You begin the game as a small fox-like creature called Fe that plummeted from the sky in a meteor, or something like one. You can walk and jump, but the most important thing is that you can sing. This is how you interact with other flora and fauna in the game, with a catch. There are different languages for different species, and until you learn the right language you can’t speak with the adult animals, nor can you activate the plants (which each have their own vaguely magical function that help you navigate through the map).
Right from the get-go, you’re unsure what exactly you’re doing in this strange forest. This isn’t necessarily a problem in wordless games, and wouldn’t end up being a problem at all if there were some definite answers embedded within later parts of the game. Thing is, there aren’t. You get vague ideas of the plot through ancient art inscribed into walls as well as flashback-like cutscenes, but too often the plot details seem just out of reach.
Suddenly, this peaceful forest-scape plonks a couple of monsters in your path. It’s fairly obvious that they’re not the amiable sort, but why? We’re not sure. What are they doing? We’re not sure. Why are they capturing animals? We’re not sure. (And spoiler alert, this confusion doesn’t abate much as the game progresses.)
This sort of “figure it out as you go” mechanic in games is a tricky tightrope to walk. There were a lot of factors at work behind Fe’s not-quite-success-not-quite-failure here, but the largest was the fact that they seemed to be hanging from that tightrope rather than balancing on it. The game is very good at teaching you how to work with each of its mechanics, even if its start is a bit halting; however, the plot itself (or what I would call the main questline, if this was the type of game to have quests) was foggy. Sometimes I just felt like I was wandering in a direction, knowing that it was where the game wanted me to go but not quite knowing why. And then I would stumble into the next objective, and I would briefly regain my footing before losing track of it again.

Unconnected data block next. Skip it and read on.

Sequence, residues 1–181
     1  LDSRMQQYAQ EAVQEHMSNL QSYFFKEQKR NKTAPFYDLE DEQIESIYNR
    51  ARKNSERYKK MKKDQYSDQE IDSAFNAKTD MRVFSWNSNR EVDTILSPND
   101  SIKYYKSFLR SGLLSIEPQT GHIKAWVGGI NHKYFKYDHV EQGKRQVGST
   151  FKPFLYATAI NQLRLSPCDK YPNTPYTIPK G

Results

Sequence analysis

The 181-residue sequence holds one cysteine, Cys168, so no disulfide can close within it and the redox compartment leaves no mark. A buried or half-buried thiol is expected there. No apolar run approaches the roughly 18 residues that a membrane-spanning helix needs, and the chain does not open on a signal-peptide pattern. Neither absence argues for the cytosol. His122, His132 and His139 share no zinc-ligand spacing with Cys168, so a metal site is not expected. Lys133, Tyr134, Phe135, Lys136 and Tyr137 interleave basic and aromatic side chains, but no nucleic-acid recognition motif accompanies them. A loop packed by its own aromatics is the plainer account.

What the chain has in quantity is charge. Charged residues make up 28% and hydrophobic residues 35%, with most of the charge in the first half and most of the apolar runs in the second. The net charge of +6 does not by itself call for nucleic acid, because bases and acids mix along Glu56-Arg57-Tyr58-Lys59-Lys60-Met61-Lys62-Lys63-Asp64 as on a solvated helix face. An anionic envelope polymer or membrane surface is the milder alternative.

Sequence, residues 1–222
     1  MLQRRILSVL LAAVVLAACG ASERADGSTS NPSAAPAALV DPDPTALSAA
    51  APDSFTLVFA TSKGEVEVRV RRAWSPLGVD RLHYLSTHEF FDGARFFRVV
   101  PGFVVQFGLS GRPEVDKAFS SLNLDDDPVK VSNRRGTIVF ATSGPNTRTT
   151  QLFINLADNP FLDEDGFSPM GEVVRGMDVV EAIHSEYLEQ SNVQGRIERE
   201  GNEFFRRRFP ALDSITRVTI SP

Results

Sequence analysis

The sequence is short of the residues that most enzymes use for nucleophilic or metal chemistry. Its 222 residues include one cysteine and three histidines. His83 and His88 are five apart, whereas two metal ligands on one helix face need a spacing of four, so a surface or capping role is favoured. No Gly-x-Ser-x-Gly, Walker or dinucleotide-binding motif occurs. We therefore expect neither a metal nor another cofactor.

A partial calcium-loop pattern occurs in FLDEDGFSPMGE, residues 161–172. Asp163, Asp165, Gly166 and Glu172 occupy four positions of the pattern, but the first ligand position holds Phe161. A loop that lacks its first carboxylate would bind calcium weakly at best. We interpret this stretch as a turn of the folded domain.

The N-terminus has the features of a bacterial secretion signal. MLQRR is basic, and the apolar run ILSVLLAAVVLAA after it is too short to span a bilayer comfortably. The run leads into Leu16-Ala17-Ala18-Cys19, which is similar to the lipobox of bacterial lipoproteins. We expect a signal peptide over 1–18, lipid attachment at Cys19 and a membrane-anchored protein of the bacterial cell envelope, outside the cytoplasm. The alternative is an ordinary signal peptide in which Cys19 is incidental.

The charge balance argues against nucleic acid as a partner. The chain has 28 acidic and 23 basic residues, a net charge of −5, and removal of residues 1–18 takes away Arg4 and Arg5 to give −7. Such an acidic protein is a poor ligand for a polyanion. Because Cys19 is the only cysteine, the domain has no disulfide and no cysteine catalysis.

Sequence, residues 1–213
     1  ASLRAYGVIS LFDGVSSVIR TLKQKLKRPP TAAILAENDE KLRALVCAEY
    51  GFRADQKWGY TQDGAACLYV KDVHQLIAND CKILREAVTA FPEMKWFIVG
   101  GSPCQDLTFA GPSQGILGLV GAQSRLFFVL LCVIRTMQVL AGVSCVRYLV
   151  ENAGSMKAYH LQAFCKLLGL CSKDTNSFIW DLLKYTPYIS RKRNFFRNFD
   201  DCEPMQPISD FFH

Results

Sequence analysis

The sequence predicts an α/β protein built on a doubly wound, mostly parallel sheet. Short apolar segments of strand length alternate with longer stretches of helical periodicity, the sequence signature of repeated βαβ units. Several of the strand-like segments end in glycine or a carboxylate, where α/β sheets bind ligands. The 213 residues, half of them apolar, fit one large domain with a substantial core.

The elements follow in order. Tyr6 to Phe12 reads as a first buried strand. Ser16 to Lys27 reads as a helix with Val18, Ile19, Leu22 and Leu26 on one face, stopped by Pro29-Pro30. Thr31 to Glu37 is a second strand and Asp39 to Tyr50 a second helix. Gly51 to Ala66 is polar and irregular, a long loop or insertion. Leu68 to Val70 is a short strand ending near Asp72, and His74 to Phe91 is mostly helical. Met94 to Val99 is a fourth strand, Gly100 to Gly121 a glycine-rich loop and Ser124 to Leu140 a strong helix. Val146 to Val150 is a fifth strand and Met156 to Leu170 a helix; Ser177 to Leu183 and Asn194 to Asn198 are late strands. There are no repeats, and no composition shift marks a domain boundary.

This fogginess wasn’t helped by the map design (but not the art design, which I’ll get into in a second). Spatially, it was difficult for me to keep track of where I was on the map, because the environments were difficult to distinguish from each other. That’s not to say that they were exactly the same; the color schemes and wandering animals changed between environments, and there were a few key plants and rock formations that were unique to their respective areas. Other than that, though, there weren’t as many notable landmarks or unique terrain aspects as there should have been, making me feel like I wasn’t quite sure where I was going.
Much of the guiding that the game does is via smaller objects. The game establishes early on that you’re meant to sing to interact with objects and plants, which can function as anything from trampolines to projectiles. Nine times out of ten, I could tell where the game was pointing me based on where the glowing flowers were pointed, or where there happened to be more climbable trees than usual. This? Excellent. A wonderful mechanic. Problem is, those are all tiny objects compared to the scale of the full map, like individual stepping stones. They let me move forward, yes, but I could only see the next stepping stone—not the ultimate destination.
One of the benefits of this is that you don’t get lost as much (and even less, once you unlock your little bird friend that you can summon from anywhere to point the way). But god, of all the places to get lost, I would want it to be in this game. Fe’s strengths rest by far in its visuals and music. The colors are gentle and the animals calming, but it’s not a happy fairyland. The environment is angular, suggesting right from the beginning that this is not a land where all is well forevermore. There’s something otherworldly about the ambiance, especially in its shifts. When you venture into an area with a concentration of enemies, the air around you might shift from a soothing violet to a muddled orange, like flames. It’s a study in color theory, and it’s beautiful.